17 Aug Most of the People, Most of the Time
Do you consider yourself to be “free market”? If so, what does that mean? Can you be a fan of the free market, but not necessarily its results? Maybe sometimes you feel like arguing for free markets is like choosing the prettiest pig. Perhaps you’ve always been uneasy with the idea of free markets. Do you know why? In this episode, EconTalk host Russ Roberts welcomes back Mike Munger to work through these questions.
For Munger, the argument for for markets is not about their perfection. ‘No; it is that division of labor is a way of fostering specialization. “The argument for free markets is that you can break out of the small command economy into a system where I don’t need to know the person that I’m buying things from.” In the words of Munger’s mentor, Douglass North, markets are for reducing the transaction costs of exchange.
Now we’d like to hear what you took away from this episode. Have you become a greater or lesser fan of free markets? Has the way you define free markets changed at all after this episode? Share your thoughts in the comments, or use the prompts below to start your own conversation offline. As always, we’re eager to continue the conversation.
1- Compare Roberts’ and Munger’s definitions of the free market. How do they differ, and what prompts Munger to quip, “economists are always talking about economic freedom as if it were freedom,” and what might it mean to advocate for a “presumption in favor of liberty” instead?
2- Munger makes the perhaps surprising claim that comparative advantage is an idea whose time has passed. Roberts says that David Ricardo‘s contribution has overshadowed Adam Smith‘s more important one. Explain what each means, and the extent to which you agree.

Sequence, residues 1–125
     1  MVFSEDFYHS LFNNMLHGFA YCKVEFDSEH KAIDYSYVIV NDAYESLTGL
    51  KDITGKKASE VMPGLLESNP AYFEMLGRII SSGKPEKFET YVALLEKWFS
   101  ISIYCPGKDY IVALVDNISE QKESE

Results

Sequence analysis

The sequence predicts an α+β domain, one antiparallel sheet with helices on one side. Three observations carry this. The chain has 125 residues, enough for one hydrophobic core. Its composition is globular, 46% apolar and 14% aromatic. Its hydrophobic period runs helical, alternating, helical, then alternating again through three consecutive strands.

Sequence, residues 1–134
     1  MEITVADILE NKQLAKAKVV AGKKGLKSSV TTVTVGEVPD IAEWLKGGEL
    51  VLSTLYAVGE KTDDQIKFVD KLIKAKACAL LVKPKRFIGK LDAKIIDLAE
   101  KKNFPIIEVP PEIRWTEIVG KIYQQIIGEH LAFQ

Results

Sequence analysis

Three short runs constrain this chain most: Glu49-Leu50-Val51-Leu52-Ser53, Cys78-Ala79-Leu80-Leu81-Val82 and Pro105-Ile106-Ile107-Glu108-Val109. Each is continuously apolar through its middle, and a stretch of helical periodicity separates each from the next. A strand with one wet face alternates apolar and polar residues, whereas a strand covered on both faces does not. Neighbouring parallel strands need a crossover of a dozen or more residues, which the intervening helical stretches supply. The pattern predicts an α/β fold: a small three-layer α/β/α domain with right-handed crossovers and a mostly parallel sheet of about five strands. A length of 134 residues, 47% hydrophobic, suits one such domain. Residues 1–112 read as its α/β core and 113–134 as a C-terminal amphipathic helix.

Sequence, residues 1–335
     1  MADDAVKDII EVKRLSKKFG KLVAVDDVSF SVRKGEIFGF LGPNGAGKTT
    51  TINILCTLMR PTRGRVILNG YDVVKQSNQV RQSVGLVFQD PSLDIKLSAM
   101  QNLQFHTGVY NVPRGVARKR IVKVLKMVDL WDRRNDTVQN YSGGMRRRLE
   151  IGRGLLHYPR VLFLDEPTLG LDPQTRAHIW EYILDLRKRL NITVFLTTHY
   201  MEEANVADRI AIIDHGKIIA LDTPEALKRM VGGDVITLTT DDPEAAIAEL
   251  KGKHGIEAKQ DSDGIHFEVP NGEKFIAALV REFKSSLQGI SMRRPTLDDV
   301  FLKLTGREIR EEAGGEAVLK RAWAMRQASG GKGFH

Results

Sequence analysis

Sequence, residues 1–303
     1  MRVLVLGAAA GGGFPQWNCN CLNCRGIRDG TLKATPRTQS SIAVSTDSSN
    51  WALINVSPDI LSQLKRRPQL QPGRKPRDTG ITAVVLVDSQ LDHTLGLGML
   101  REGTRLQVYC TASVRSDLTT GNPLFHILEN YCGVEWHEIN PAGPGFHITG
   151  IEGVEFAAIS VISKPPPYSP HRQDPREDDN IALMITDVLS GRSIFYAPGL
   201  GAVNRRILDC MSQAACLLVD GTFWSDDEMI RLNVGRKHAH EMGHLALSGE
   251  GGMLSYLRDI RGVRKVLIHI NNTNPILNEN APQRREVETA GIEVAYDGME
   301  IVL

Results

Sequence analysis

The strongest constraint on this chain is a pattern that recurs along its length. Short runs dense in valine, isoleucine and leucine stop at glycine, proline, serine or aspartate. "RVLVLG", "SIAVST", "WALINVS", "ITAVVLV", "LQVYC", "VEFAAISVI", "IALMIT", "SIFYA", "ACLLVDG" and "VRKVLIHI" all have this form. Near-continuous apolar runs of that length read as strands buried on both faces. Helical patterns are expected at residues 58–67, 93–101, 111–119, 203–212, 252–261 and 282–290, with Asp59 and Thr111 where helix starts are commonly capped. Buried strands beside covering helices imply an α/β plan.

3- Why does Munger argue we should distinguish between moral communities and moral orders? How does it follow from this that socialism should be considered a moral anarchy? How could rule-based utilitarianism (as opposed to discretion) be better employed to solve conflicts in markets and politics? (Hint: remember the Munger-ism, Every flaw in consumer is worse in voters.)
4- Roberts asks Munger if he believes in any agencies that restrict markets and trade, as Roberts does. (Roberts admits he favors pollution regulations from the EPA, while also admitting he believes the current iterations to be poorly designed.) How does Munger respond? What does Munger mean when he says perhaps the greatest problem with bureaucracy is not corruption in the public choice sense, but a certain kind of self-interest?
5- Munger insists that many people think markets are what happen when the state does nothing. That’s not right, he says. Markets are what happens when the state does the right kind of nothing. What does he mean by this, and how does he answer Roberts’ question with regard to the dominance of Big Tech firms such as Google and Facebook?
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